Second Days Racing: Attendance at Jefferson Park is Confined Chiefly to Regulars, Daily Racing Form, 1922-12-02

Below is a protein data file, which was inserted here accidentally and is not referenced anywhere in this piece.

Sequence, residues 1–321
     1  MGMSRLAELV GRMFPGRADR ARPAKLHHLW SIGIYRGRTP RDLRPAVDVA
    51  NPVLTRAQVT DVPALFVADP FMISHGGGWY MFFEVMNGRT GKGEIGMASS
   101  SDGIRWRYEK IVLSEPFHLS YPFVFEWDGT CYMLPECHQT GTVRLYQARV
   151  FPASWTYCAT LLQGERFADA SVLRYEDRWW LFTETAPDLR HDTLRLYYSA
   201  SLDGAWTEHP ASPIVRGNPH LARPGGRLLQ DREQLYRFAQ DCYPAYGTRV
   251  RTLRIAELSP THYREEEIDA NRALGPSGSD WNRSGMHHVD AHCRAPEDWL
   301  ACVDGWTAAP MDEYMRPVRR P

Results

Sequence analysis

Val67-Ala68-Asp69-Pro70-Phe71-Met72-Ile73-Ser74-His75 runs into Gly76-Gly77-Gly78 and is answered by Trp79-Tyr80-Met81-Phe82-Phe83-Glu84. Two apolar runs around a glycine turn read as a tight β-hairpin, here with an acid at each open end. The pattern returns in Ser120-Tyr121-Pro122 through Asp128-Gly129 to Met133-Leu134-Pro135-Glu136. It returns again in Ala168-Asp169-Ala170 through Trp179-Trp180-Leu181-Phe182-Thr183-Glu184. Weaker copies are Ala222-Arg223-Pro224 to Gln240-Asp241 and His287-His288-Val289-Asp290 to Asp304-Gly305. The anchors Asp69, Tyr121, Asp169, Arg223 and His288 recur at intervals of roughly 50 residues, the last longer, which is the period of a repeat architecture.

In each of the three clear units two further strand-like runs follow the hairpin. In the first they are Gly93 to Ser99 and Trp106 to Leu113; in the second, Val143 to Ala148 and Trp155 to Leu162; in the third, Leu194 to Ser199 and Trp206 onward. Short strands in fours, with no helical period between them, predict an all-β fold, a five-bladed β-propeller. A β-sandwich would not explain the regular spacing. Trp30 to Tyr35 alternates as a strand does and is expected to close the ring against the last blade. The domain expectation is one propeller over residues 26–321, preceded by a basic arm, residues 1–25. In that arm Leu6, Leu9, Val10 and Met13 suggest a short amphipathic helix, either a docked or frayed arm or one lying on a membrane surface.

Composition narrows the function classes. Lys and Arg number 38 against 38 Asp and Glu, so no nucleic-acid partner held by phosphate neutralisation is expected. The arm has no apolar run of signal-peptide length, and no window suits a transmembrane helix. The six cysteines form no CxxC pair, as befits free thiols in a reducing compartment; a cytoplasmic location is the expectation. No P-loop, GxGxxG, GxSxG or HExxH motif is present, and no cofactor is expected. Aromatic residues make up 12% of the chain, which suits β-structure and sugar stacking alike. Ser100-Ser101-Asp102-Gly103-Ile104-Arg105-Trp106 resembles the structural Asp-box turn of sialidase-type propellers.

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SECOND DAYS RACING Attendance at Jefferson Park Is Confined Cfiiefly to Regulars. British Liner Defeats Dr. Rae in Thrilling Finish Leslie Finds Easy Spot. NEW ORLEANS, La., December 1. There was a noticeable falling off in attendance from yesterdays record-breaking crowd, but at that, considering it was the "day after" and the glamour of opening day had worn off, a fairly large audience, comprising chiefly regulars, witnessed the sport at Jefferson Parle Weather conditions were again of a midsummer brand and the humid air seemed charged with rain, but none fell during the afternoon. There was nothing particularly attractive about the racing offering, it being of a decidedly off-day variety, but some of the dashes produced interesting finishes. The speculators were fairly successful in their quest for winners, and the fifty-one layers again on the firing line fared badly. The most interest centered in the last three races, where the better grade horses met in contest. The finish in the fifth race was the most spectacular of the afternoon, T. J. Pender-gasts British Liner winning out after a grueling drive with Dr. Rae and Secretary. Had J. Owens exerted half the effort on Walnut Hall that he did on British Liner the former would have been the victor in the fourth race. Owens rode him wide for the entire race, with the result that Walnut Hall, which had been supported extensively, failed even to get a part of the purse. The start of the fourth race found St. Donard in front and setting a fast pace, with Exhorter, Zone dArmee, Encrinite and Walnut Hall following in the order named. This order was maintained until the stretch turn was reached, when Exhorter moved into the lead and drew clear in the last sixteenth. Zone dArmee, although going wide in the stretch, finished fast and outlasted Encrinite for third place, while the favorite, Walnut Hall, was close up despite the fact that ho ran much farther than the others. EVOKES MUCH ENTHUSLVSM. The finish of the mile and an eighth race, the fifth, evoked much enthusiasm. British Liner showed the way throughout and managed to last long enough to secure the verdict by the smallest of margins. Another stride and Dr. Rae would have been the winner. He ran a splendid race and finished with great speed, just a trifle too late to overtake the winner. Leslie found an easy spot in the third race and was held at prohibitive odds. He won as his rider pleased, with Slanderer second and Amole third. Leslie set the pace all the way and was never seriously threatened. The opening dash brought together an ordinary band and Runleigh, a frequent disappointment, made good, but had to be kept busy to outstay Yoriclo Irene Walton was third. Mahony accounted for the second, with Esquire second and Youneed third. Esquire showed the way to the last eighth, where he tired and gave way to Mahony, which had been saved from the early pace. Joseph A. Murphy will attend the Remy Dorr hearing, to be held late tonight. Mose Cossman, agent for E. R. Bradley, is among the arrivals for the winter. Jockey J. McCoy has severed connections with the W. R. Coe stable and will ride free lance during the winter. Frank M. Weir, who trained Old Rosebud and Roseben when those cracks were in their prime, made his first visit here today in years. He found the city as well as the racing considerably changed since his last visit. Begum had to be excused from starting on account of illness. Jockey Ensors license, which was held up yesterday, was granted today after he had a talk with the stewards. He was given a great ovation when he appeared on the track in the fifth race, astride Spectacular GirL

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